Karen Symes

symes
Associate Professor
Assistant Dean of Student Affairs

Boston University School of Medicine
Silvio Conte Building, K408
72 E. Concord Street
Boston, MA 02118

Phone (Mon, Tue, Thurs): 617-638-4077
Phone (Wed, Fri): 617-638-4196
Lab Phone:
617-638-4181
Fax:
617-638-5339
Email: symes@bu.edu

Education

BSc, (HONS) University of Sussex, Brighton, UK
PhD, National Institute for Medical Research, Mill Hill, London, UK

Research Interests

Our major goal is to determine the molecular mechanisms that control cell movements using Xenopus embryos as a model system.  We are identifying molecules that control normal cell movement in order to understand how mechanisms go awry and lead to aberrant cell movement in pathological conditions including certain birth defects and cancer metastasis.  Using a wide range of techniques in developmental biology, molecular biology, and confocal microscopy, our current efforts are aimed at analyzing the role of platelet-derived growth factor in that process including its downstream signaling, interaction with the extracellular matrix and control of cytoskeleton reorganization.

A second area of research in the laboratory explores a problem central to both adults and embryos, the regulation of tissue homeostasis. In the adult, approximately one hundred thousand cells are produced every second by mitosis, and a similar number die by apoptosis. Alterations in this balance are thought to result in a variety of pathological conditions including cancer, as well as heart and neurodegenerative diseases. In the embryo, these processes play critical roles in coordinating the rate of development of different tissues and organs, and their disruption has severe consequences. Using Xenopus embryos as a model, we are exploring the mechanisms that initiate and execute apoptosis in the development of the notochord, a tissue that acts both as a as a primitive skeleton and as a signaling center that provides position and fate information for all three germ layers.

Research Themes

Development

Representative Publications

Pubmed

  • SHP-2/PTPN11 mediates gliomagenesis driven by PDGFRA and INK4A/ARF aberrations in mice and humans. Liu KW, Feng H, Bachoo R, Kazlauskas A, Smith EM, Symes K, Hamilton RL, Nagane M, Nishikawa R, Hu B, Cheng SY. J Clin Invest. 2011 Mar;121(3):905-17. doi: 10.1172/JCI43690.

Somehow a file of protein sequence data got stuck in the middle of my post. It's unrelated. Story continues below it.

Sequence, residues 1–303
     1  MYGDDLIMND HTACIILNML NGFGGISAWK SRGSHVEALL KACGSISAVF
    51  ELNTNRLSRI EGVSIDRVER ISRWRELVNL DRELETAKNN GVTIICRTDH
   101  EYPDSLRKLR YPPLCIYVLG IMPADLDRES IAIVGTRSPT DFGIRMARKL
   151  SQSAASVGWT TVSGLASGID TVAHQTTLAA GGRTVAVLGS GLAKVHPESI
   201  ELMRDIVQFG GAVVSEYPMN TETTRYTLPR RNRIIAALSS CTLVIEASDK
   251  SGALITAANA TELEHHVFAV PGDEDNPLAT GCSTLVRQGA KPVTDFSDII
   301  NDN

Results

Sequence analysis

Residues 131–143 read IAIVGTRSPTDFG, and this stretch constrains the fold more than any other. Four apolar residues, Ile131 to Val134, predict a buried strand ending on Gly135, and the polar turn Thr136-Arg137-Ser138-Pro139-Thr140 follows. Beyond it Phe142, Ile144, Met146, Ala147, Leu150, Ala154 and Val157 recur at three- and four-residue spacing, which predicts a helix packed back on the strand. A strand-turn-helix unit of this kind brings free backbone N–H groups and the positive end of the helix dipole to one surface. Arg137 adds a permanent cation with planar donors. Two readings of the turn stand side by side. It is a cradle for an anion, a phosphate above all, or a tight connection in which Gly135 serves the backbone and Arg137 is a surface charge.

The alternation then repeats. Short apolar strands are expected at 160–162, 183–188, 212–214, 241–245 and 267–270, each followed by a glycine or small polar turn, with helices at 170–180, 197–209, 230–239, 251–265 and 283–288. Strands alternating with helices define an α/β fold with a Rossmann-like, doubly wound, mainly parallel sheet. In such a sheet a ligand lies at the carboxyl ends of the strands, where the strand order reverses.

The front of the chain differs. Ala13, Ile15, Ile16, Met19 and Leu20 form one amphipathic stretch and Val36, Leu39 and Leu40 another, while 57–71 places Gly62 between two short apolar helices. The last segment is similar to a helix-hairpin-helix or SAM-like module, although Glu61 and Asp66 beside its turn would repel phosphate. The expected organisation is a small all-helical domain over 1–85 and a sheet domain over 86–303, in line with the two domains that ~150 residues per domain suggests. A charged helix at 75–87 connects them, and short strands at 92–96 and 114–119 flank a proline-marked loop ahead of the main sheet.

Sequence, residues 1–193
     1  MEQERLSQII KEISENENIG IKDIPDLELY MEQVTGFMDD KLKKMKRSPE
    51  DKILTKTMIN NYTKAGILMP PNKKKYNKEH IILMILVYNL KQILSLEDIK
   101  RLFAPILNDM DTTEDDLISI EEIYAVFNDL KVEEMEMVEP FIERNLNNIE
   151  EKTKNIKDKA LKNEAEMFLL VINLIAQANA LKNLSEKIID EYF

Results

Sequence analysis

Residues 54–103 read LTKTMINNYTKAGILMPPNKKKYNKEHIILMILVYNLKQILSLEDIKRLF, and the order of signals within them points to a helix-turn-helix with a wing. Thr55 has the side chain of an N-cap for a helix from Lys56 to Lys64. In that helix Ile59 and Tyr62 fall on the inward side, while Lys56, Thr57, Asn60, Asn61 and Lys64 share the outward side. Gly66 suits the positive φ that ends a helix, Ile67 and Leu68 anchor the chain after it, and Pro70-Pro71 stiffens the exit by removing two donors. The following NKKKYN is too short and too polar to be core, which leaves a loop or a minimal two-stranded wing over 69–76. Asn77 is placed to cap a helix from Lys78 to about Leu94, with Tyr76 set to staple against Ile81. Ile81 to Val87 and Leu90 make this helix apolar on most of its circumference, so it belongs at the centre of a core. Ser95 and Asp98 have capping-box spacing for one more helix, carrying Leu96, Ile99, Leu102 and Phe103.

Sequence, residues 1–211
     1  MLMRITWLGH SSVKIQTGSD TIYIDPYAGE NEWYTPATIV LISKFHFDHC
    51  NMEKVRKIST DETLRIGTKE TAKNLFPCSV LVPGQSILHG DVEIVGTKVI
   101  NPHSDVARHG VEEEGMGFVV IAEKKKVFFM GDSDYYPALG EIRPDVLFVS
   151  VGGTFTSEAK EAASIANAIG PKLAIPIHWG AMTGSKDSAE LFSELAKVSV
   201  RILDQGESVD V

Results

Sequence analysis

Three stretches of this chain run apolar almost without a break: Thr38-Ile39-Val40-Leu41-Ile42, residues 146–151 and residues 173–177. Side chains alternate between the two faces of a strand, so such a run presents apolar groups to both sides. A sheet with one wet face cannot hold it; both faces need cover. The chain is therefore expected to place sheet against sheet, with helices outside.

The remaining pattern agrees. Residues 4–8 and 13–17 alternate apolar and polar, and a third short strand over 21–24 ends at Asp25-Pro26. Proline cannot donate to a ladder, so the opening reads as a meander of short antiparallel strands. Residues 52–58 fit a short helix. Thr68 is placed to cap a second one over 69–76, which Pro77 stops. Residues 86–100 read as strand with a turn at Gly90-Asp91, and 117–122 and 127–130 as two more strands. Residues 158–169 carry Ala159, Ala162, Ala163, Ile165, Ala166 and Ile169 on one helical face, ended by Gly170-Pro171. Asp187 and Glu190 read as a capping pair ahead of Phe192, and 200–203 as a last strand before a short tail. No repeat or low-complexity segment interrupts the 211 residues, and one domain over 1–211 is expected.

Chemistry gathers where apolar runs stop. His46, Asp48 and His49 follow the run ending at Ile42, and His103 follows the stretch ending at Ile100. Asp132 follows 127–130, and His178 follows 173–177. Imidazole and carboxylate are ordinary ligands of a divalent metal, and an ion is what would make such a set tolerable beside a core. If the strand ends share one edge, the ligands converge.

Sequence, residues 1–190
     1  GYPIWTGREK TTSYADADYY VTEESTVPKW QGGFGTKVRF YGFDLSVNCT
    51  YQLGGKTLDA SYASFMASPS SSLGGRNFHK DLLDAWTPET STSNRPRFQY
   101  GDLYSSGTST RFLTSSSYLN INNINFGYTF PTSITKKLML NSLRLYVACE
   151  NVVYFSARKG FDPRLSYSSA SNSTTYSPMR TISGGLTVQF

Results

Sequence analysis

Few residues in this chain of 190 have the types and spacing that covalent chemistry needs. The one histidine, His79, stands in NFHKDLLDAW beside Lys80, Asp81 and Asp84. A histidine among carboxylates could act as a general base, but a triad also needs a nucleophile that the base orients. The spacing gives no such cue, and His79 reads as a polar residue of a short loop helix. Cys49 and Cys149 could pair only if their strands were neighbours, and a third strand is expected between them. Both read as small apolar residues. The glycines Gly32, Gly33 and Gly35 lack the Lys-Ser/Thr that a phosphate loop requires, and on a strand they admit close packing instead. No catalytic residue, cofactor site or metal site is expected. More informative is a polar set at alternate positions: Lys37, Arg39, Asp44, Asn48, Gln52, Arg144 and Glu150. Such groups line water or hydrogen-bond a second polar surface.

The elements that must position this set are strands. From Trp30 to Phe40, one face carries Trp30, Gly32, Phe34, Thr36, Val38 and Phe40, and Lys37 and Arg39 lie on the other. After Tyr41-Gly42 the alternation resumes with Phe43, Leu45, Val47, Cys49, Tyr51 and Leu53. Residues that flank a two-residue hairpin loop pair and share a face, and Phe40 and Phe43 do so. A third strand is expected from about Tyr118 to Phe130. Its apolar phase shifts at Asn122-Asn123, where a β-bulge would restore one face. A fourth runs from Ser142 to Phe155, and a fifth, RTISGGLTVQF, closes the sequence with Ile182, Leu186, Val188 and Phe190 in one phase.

• Sweet cues: How heparan sulfate modification of fibronectin enables growth factor guided migration of embryonic cells. Symes K, Smith EM, Mitsi M, Nugent MA.Cell Adh Migr. 2010 Oct-Dec;4(4):507-10.
  • Smith, E.M., Mitsi, M., Nugent, M.A., and Symes, K. (2009). PDGF-A Interactions With Fibronectin Reveal A Critical Role For Heparan Sulfate In Directed Cell Migration During Xenopus Gastrulation, Proc. Natl. Acad. Sci. 106:21683-21688; Epub Dec 4, 2009.
  • Wu, H., Symes. K., Seldin, D.C., and Dominguez, I. (2009). Threonine residue 393 regulates β-catenin interaction with axin. J. Cell Biochem. 108, 52-63.
  • Malikova, M.A., Van Stry, M. and Symes, K. (2007). Apoptosis regulates notochord development in Xenopus. Dev. Biol. 311, 434–448.
  • Ren, R., Nagel, M. Tahinci, E. Winklbauer, R. and Symes, K. (2006). Migrating anterior mesoderm cells and intercalating axial mesoderm cells have distinct responses to Rho and Rac during Xenopus gastrulation. Dev. Dyn. 235, 1090-1099.
  • Van Stry, M., Kazlauskas, A., Schreiber, S.L., and Symes, K. (2005). Distinct Effectors Of PDGFR? Signaling Are Required For Cell Survival During Embryogenesis. Proc. Natl. Acad. Sci, 102, 8233-8238.
  • Van Stry, M., McLaughlin, K.A., Ataliotis, P. and Symes, K. (2004). The mitochondrial-apoptotic pathway is triggered in Xenopus mesoderm cells deprived of PDGF receptor signaling during gastrulation. Dev. Biol. 268, 232-242.
  • Nagel, T., Tahinci, E., Symes, K. and Winklbauer, R. (2004). Platelet derived growth factor signaling controls the directed migration of head mesoderm cells in Xenopus laevis embryos. Development 131, 2727-2736.
  • Tahinci, E. and Symes, K. (2003) Distinct functions of Rho and Rac are required for convergent extension during Xenopus gastrulation. Dev. Biol. 259, 318-335